Procrastination. Even seasoned professionals aren’t immune to it. I say this with certainty, as I’ve just spent the last five minutes trying to repair a cafetière in the staff kitchen, putting off returning to my desk to write this blog.
Whether it’s in a work or study situation, most people will procrastinate – it’s a very common human trait. It can be particularly prevalent in career planning. But why do we do it and how can we stop it?
Typically it might be because we’re avoiding a (perceived) difficult task. After all, tidying-up or writing a ‘to do’ list is much more enjoyable (and easier) than tackling the subject of ‘what next after University?’
6 approaches to getting on with career planning
What exactly is involved?
What needs to be achieved? What other work or outcomes depend on the task being completed? These questions should help you to focus and plan.
What is it about career planning that you think is difficult?
Think through what’s required and identify what’s challenging or troubling you. This should help you to rationalise the whole process. It may be that some of the ‘problem’ issues aren’t actually difficult at all when you put them into perspective.
Break up the task into manageable chunks
Divide-up the task, so you’re less likely to be overwhelmed by the whole thing. By setting these shorter goals, it won’t seem as difficult to achieve, making you more inclined to tackle what’s needed.
For example, possible steps might be:
- try some self-assessment (think about what interests and motivates you)
- generate career ideas (do some of the exercises on the Explore Ideas page)
- research those ideas (try the Job Sector pages)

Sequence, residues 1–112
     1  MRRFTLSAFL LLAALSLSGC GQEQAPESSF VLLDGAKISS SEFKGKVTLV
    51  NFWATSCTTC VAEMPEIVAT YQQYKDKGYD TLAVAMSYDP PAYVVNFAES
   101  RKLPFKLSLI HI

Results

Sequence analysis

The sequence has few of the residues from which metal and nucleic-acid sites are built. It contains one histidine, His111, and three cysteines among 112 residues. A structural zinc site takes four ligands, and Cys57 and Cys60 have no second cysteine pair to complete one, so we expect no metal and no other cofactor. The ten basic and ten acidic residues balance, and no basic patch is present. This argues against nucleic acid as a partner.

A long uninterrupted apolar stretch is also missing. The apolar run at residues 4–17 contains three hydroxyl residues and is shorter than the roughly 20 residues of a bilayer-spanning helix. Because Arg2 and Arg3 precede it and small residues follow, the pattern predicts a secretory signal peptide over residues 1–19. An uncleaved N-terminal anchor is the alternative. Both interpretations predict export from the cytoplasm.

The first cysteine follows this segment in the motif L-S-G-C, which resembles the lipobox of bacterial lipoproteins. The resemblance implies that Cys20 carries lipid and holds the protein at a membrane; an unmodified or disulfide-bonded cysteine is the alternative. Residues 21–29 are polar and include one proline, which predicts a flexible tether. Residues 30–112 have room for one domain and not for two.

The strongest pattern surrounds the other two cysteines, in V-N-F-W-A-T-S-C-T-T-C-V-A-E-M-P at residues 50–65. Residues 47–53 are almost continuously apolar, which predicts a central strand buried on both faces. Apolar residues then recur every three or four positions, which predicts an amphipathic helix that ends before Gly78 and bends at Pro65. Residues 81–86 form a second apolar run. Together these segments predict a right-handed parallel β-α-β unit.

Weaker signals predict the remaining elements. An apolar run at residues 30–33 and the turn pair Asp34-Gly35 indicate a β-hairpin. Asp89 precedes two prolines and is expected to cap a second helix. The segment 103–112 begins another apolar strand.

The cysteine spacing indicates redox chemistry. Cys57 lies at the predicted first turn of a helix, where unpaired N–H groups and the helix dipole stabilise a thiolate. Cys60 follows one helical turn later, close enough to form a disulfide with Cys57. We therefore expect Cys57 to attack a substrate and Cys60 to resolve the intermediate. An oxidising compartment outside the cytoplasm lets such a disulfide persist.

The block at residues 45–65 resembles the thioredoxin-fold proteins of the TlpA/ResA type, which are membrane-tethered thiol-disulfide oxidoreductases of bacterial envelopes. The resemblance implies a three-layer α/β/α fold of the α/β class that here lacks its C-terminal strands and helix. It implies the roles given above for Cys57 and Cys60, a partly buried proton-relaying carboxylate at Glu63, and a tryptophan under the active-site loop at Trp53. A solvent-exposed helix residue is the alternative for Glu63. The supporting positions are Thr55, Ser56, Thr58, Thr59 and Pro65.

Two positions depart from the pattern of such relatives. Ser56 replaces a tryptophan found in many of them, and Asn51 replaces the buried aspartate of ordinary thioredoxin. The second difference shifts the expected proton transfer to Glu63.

- discuss your options with a Careers Consultant (book an appointment via Careers Gateway)
Do you need some help?
Can someone offer their input (whether ideas, advice or practical assistance)? Having a little help can keep you motivate, grounded and focused.
You can talk through what’s needed with Careers and Placements staff at Careers Drop-in or in appointments.
Give yourself a deadline
It can certainly help you sharpen your focus on the job. However, make sure the deadline is realistic, otherwise you’ll put pressure on yourself, which might completely put you off finishing the task!
Ideally, start thinking through your options sometime in your first year (if you’re an undergraduate), but don’t panic, if it gets to final year and you’re not quite ready.
Go on, treat yourself
As a motivational tool, give yourself a break (10 minutes listening to some music) or treat (chocolate!!) at set points – perhaps when you complete one phase of your planning and research.
Just make sure you only treat yourself when you’ve completed a stage. If you don’t, you might never finish the task and just end up with chocolate wrappers everywhere.
As a bit of light relief, watch the entertaining TED talk on procrastination by Tim Urban – https://www.ted.com/talks/tim_urban_inside_the_mind_of_a_master_procrastinator
On a personal note to my work colleagues. Look I finished the blog (!), though unfortunately, I couldn’t fix the cafetière. 😕
Blog written by Irena Zientek, Operations Manager: Information and Engagement, Careers and Placements